Final report: Audi Q4 E-Tron long-term test
25 April 2022
Author: Martyn Collins
We look back at our time with two Audi Q4 E-Tron models.
|Audi Q4 E-Tron 50 Quattro 220kW S-Line |
|P11D price:|| £51,315|
|As tested:|| £63,295|
|Official range:|| 270 miles|
|Our average consumption:|| 2.8mi/kWh|
Final Report: Future fleet success
Despite only being used for short work and family trips, it felt like the Q4 E-Tron was getting its mojo back after the festive break. It was still proving impressively relaxing to drive and after the recent worrying drop in range, that seemed to be improving too. I was looking forward to my remaining time with this all-electric Audi and taking it well past the 5,000-mile mark.
Then I had an accident and the Q4 was quickly whisked away by Audi for investigation and repair - sadly, I have not seen it since. Ironically, just as one Audi left my drive, another Q4 E-Tron, a 40, but this time with the sleeker Sportback body arrived.
The two-wheeled drive 40 is probably better suited for fleet than the 50 Quattro we had. Although I do admit, I did appreciate the 50's extra performance and traction over the five months or so that I had it. However, the 40, which still had 201hp, had more than enough poke for daily use and the throttle response felt easier to modulate. Plus, the biggest 320-mile range of the Q4 E-Tron with the 40 seems believable, as we saw two 270-mile charges during the week we had the car, in cold late-January weather.
Our 50 Quattro had the biggest 20in alloy wheels, the 40 Sportback had more modest, but still attractive in 19in alloys. I can't lie, the 20in 5-Y-Spoke alloy wheels on our Q4 looked the part, but the resulting unsettled low-speed ride, was one of the biggest demerits of this car. Dropping a wheel size equalled a more comfortable, compliant ride - especially at low speed. Road noise was significantly reduced too.
Outside, with its curvy rear styling, there is no doubt the Sportback is the more attractive Q4. However, the split glass tailgate compromises rear vision even further. This is on top of the fact that all-round vision isn't great on the standard Q4 E-Tron, either. A rear camera should be standard rather than optional in the Comfort and Sound pack, in my opinion.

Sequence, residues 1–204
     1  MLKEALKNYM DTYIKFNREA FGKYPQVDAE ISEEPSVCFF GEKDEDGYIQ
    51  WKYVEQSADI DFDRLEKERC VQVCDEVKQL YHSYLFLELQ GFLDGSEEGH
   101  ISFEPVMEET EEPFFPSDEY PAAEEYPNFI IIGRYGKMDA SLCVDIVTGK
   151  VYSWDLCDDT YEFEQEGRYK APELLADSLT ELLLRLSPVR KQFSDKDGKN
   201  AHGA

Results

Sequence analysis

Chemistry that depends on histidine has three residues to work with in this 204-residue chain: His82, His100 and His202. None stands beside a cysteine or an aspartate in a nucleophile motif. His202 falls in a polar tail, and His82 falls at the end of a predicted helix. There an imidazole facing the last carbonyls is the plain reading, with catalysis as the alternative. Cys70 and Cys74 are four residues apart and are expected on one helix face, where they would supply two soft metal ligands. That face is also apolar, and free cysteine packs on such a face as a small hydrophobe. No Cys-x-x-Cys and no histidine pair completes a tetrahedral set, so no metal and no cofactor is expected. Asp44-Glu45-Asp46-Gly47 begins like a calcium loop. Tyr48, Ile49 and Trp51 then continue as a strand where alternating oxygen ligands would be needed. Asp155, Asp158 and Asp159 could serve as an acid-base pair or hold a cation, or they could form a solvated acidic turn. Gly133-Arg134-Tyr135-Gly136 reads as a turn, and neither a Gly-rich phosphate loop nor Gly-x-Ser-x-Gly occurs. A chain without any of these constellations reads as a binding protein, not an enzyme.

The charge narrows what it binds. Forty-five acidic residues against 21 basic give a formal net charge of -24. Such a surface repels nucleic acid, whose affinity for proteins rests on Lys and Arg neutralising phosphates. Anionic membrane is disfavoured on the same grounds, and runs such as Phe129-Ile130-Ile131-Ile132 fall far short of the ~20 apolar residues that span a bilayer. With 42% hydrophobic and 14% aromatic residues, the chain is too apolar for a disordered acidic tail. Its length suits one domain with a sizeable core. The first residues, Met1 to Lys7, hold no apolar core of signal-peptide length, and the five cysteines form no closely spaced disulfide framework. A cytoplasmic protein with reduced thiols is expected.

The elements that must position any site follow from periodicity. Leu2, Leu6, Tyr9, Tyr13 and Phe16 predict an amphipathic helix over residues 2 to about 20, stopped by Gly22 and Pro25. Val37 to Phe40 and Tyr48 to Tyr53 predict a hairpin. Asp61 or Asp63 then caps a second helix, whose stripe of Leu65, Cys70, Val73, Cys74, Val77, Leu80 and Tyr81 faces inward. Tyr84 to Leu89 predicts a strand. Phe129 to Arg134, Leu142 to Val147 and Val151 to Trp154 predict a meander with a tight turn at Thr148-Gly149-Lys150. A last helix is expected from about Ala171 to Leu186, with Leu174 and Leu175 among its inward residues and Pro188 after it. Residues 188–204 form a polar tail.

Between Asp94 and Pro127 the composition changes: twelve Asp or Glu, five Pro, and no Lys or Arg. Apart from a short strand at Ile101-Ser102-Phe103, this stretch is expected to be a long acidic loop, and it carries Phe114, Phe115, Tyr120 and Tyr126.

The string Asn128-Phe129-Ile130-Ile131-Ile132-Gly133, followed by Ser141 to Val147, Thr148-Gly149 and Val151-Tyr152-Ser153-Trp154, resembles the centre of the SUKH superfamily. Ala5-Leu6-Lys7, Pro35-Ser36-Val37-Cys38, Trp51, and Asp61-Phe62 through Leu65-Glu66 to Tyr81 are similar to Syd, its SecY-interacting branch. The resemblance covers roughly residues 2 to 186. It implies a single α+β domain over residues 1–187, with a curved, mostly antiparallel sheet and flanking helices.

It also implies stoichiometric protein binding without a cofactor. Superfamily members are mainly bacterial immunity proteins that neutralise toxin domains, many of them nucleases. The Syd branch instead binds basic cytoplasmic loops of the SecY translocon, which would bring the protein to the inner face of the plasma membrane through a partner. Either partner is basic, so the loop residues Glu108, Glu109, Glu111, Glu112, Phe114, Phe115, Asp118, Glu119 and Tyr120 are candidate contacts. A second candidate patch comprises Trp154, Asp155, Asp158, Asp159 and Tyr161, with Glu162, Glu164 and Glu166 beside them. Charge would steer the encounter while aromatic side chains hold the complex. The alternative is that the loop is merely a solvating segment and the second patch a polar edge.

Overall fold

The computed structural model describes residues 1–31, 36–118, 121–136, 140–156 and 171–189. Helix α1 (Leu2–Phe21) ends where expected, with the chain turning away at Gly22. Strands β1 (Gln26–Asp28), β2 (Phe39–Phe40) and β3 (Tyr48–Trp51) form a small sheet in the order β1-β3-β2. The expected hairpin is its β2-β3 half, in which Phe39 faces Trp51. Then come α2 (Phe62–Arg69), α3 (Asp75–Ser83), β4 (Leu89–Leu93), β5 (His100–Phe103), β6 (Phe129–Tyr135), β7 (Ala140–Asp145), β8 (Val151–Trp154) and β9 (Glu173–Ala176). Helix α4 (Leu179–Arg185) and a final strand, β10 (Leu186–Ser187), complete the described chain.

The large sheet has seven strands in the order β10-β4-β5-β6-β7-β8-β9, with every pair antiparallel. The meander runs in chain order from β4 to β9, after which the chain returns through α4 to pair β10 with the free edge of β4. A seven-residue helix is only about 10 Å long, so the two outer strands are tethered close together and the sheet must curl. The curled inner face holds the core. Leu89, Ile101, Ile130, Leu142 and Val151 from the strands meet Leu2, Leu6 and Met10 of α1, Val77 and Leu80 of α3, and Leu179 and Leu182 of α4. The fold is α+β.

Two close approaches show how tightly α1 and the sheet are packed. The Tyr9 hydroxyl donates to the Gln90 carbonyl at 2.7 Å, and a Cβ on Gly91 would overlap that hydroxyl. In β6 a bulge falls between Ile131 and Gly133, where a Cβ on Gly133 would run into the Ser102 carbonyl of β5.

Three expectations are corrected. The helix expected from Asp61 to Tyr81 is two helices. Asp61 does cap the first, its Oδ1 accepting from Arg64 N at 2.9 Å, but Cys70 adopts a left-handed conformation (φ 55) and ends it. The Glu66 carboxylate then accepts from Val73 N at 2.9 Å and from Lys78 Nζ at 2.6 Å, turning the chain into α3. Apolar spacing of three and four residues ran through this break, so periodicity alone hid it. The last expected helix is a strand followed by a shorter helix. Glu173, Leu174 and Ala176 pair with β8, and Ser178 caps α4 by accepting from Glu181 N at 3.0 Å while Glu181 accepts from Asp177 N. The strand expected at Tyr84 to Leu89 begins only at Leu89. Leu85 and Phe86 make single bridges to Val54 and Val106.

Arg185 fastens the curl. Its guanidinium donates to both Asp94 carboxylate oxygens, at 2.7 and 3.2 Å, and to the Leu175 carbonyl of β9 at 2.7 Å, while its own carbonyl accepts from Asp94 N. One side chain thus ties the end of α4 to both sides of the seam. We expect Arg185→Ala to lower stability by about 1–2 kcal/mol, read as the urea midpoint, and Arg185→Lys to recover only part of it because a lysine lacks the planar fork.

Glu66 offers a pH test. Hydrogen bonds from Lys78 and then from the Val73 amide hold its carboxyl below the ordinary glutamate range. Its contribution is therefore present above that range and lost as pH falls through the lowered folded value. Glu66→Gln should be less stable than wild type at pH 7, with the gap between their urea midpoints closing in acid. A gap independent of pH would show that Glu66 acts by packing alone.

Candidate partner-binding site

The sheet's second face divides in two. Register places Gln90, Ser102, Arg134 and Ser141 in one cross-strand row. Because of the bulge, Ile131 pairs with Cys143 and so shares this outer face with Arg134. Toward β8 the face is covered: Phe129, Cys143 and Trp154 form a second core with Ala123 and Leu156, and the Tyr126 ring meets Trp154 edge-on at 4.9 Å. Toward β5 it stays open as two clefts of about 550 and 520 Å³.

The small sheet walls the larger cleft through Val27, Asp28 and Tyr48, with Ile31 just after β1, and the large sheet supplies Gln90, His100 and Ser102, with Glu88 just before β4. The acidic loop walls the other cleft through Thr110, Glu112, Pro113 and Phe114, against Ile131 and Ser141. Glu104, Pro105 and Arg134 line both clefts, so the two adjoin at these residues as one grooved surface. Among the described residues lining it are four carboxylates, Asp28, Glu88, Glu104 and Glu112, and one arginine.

Inside, the Sportback's curvy styling does rob rear headroom, but interior space is still impressive, and the sports seats are comfortable and supportive. I would still pick the Q4 E-Tron over the Volkswagen iD.3 and Skoda Enyaq sister cars, thanks to its more conventional interior with proper dials and physical controls for the ventilation. Although the interior plastics did not feel as special in the 40 and 50 as you might expect of an Audi.
Other specification items that impressed me during my time with both cars, were the optional Matrix LED headlights. This light technology is popular with other manufacturers, but even after trying many rivals, the Audi's seemed to be best in my opinion. Giving more light and security for longer - they just work, and work very well. If I was speccing a Q4 E-Tron they would be on the options list, despite the hefty £1,075 price. Another worthwhile option was the SONOS Premium Sound System, part of the Comfort and Sound package at £1,295. The sound quality and strong bass reproduction could be made the most of thanks to the lack of engine noise - and helped shrink journey times.
On the move the Adaptive Cruise control, part of the £1,425 Assistance Package Advanced, was another standout feature of our Q4 E-Tron. The fact that it detects vehicles ahead via a radar sensor and keeps them at an adjustable safe distance made for smoother more efficient motorway trips. Once I trusted the system, it was just a case of switch on and forget.
I will miss the Q4 E-Tron; it proved to me that with decent range and charging capabilities, an electric vehicle can work for me as a daily. It looked great, drove well, and deserves its inevitable future fleet success. I just hope the public charging structure improves to keep pace. with the abilities of models like this.
5th Report: Space and pace
It is only just over a month, but Christmas feels like a lifetime ago now. However, with no test cars arriving or departing over the festive period, I find it's a great time to really get to know any long-termer much better that I'm lucky enough to run.
Plan B restrictions might have come into force, but negative lateral flow tests aside, visits to family were planned - equalling more useful wheel-time with the Audi. Longest trip was a Boxing Day visit to Cambridge to see my mother-in law - with five of us on board plus party food and presents.
Every trip with an EV takes planning, so I'd already made sure the Q4 E-Tron's battery was fully charged via my 7kW wallbox on Christmas Day night. Despite being fully loaded, the trip itself was pleasingly uneventful, with the only moans being from my Mum and kids about the hard ride and sharp throttle response from the back. When we came off the motorway and on to country roads, that extra motor equalling Quattro four-wheel drive and more grip gave welcome extra confidence on what were wet and shiny roads.